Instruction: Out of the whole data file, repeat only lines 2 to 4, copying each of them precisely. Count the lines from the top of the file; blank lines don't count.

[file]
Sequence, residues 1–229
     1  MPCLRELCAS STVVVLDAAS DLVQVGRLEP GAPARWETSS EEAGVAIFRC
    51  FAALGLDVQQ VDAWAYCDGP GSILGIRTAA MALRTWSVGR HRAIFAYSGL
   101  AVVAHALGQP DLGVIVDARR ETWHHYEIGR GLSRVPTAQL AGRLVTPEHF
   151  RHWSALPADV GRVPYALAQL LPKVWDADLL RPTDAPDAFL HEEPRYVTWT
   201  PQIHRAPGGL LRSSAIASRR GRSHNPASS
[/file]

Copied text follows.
     1  MPCLRELCAS STVVVLDAAS DLVQVGRLEP GAPARWETSS EEAGVAIFRC
    51  FAALGLDVQQ VDAWAYCDGP GSILGIRTAA MALRTWSVGR HRAIFAYSGL
   101  AVVAHALGQP DLGVIVDARR ETWHHYEIGR GLSRVPTAQL AGRLVTPEHF